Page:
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History of Fyvie Castle in Turriff with photographs and Scottish weddings with details of the ghost stories of true Thomas the rhymer the secret room and the green lady
Fyvie Castle, near Turriff, is a most picturesque former royal stronghold and baronial fortress palace with charming gables, turrets and towers. It was built in 1390, following the Battle of Otterburn by 5 families (Gordon, Leith, Meldrum, Preston and Seton) who each constructed one of the five towers. It is owned by the National Trust for Scotland
It has been visited by Robert the Bruce, Edward the 1st of England, The Marquis of Montrose and William the Lyon. It was originally built as a Royal hunting seat.
Balloon Flights over Fyvie Castle
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The Aberdeen skies are under attack from an enemy jet. It is spilling a strange yellow smoke. Minutes later, people start killing each other.
Former Royal Air Force Regiment Gunner Jason Harper witnesses this and then his wife, Pippa, telephones him, shouting that she needs him. They then get cut off. He sets straight out, unprepared for the nightmare that unfolds during his journey. Everyone seems to want to kill him.
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Many families have owned it over the Centuries and these include the Lindsay's, the Preston's, the Meldrum's, the Seton's, the Gordon's and lastly the Leith's. The building is now owned by The National Trust for Scotland, who took ownership in 1984. Visits to the inside are by guided tour and visitors are rewarded by the rich and well preserved dEcor, furnishings and original artwork and tapestries. The Morning Room still has the original 17th Century plaster ceilings and panelling.
The main turnpike stair of Castle Fyvie has 22 coats of arms for local families (cited in Castles of the Clans: The Strongholds and Seats of 750 Scottish Families and Clans
by Martin Coventry).
Allow another hour to walk around the stunning gardens and parklands. Those who venture towards the loch will be rewarded with panoramic views and a very peaceful environment.
A well deserved rest and a great cup of tea and lovely home-bakes can be purchased in the Victorian Kitchen Tearoom.
Fyvie Castle Ghost
Fyvie Castle ghost and dark stories include a secret room within the Meldrum Tower which if anyone enters a disaster will follow them.
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An army veteran moves his family back to his Aberdeenshire home, but his nightmare neighbour starts a battle of wits with him. Who will win this One Last War?
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The legend of the weeping stones of Fyvie came about after a visit from Thomas the Rhymer. He was also called True Thomas and he had the gift of prophesy and seeing the future which he gained after a love affair with a Fairie Queen. On his visit he foretold doom until three stones which were used for the Preston Tower are returned to their original placement which was between the Church lands and the Castle. One is thought to be in the Charter Room, another in the foundations of the Tower and the last is somewhere in the River. Each stone is said to weep whenever trouble threatens the Laird. One stone in the Tower remains dry when all the surrounding stones are wet, and when they are dry this one stone is wet...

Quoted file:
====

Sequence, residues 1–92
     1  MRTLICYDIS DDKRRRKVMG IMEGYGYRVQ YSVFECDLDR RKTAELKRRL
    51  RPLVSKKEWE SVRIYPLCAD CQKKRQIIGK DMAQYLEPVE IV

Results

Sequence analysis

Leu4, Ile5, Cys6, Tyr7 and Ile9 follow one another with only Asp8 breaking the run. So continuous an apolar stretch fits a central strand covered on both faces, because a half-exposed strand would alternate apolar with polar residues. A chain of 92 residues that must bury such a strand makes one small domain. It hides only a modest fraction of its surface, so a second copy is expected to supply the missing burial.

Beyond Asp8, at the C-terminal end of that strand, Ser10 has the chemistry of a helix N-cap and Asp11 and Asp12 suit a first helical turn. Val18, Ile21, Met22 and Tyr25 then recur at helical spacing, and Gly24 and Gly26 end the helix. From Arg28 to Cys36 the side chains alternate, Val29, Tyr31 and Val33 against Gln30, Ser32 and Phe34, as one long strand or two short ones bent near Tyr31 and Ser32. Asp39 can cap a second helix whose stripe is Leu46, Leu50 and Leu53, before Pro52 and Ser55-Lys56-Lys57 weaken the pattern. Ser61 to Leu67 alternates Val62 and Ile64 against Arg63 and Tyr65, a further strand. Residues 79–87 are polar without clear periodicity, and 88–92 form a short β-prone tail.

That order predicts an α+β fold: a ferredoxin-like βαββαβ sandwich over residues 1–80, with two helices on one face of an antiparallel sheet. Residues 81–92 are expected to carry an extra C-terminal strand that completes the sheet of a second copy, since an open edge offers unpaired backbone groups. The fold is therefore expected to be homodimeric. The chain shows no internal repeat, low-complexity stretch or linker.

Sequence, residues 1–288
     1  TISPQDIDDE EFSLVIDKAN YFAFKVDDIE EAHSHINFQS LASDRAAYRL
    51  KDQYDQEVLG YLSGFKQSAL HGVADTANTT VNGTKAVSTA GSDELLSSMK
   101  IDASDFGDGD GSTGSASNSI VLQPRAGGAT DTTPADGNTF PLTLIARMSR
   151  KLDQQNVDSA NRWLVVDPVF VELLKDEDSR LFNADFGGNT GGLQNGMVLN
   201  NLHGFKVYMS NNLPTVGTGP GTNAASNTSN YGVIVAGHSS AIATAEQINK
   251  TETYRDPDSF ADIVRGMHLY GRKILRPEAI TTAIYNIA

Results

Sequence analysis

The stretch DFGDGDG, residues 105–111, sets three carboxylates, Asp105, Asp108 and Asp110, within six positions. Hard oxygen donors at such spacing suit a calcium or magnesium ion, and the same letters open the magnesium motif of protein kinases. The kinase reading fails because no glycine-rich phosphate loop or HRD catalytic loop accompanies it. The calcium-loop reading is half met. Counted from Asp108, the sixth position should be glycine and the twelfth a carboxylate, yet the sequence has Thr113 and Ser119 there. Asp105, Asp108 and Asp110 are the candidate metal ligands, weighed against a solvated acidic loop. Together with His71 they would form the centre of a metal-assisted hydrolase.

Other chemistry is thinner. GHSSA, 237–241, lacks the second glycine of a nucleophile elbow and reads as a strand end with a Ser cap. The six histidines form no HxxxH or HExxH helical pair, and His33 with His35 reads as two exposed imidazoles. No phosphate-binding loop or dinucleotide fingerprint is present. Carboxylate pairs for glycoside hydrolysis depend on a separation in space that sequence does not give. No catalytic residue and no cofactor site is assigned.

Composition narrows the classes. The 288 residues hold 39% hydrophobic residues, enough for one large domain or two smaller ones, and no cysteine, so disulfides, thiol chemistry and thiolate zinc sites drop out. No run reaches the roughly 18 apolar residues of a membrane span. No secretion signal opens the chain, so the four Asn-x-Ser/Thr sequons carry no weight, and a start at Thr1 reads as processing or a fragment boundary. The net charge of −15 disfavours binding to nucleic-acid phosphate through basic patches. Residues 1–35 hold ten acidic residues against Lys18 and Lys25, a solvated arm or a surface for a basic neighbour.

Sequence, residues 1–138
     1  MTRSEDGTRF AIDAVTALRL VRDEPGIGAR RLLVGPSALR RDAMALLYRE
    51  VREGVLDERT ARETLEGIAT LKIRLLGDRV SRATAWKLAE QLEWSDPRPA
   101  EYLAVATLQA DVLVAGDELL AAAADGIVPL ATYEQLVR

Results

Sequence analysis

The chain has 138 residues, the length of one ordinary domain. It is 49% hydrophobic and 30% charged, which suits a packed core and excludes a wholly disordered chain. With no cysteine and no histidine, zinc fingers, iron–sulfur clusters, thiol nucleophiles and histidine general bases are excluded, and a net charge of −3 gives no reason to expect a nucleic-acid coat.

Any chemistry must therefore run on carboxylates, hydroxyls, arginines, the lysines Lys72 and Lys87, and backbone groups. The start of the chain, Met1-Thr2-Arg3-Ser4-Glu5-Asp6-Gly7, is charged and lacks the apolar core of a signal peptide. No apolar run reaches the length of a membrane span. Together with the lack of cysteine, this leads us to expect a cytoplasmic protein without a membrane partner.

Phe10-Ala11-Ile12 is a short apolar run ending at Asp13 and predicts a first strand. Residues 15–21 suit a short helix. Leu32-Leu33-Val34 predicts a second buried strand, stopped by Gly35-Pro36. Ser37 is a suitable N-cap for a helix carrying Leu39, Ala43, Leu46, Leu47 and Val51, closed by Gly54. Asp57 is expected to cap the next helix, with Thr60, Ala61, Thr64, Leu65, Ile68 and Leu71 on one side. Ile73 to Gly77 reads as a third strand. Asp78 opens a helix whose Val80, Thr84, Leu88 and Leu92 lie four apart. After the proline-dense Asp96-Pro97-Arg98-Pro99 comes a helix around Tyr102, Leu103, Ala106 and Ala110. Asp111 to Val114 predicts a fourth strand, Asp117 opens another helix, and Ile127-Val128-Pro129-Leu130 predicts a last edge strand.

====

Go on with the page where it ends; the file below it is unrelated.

Other Fyvie Casle ghosts include two haunted rooms which are called the Murder Room and the Ghost Room where a lady was confined in one and then move to another, locked in and starved to death. Her skeleton was unearthed by workmen in the 1930s. She is known as The Grey Lady.
On the 8th May 1601, Dame Lilias Drummond, first wife of Alexander Seton died and Alexander remarried (to Grizel Leslie) shortly after. On the wedding night the newly weds heard great sighing outside their room. In the morning the window sill had an upside down carving which read D.Lilias Drummond. She has haunted the building since and is known as The Green Lady. Whenever she appears something terrible happens to the family. It is not known how Dame Lilias Drummond died, some say she was starved to death by her husband for not producing a male heir, others say she died of a broken heart, whilst others say she died of an illness.
There is also a drummer ghost, though some refer to it as a trumpeter. It is thought to be the spirit of Andrew Lammie who was either banished or abducted when he fell in love with the local miller's daughter, Agnes. He plays his instrument when a member of the family is near to death.
Major John Paton, a guide there, had a ghostly encounter that was written about in the Scotland In Trust Magazine published in Spring 2008. Though he has never seen the Green Lady he did feel someone walk past him in the top corridor. There was no-one there and he smelt a strong rose perfume.
concert takes place in the summer to raise funds for local charities.
To get there take the A96 to Bucksburn from Aberdeen then join the A947 to Turriff. The postcode for your sat nav is AB53 8JS.
National Trust For Scotland Website - www.nts.org.uk
Scottish Snowdrop Festival
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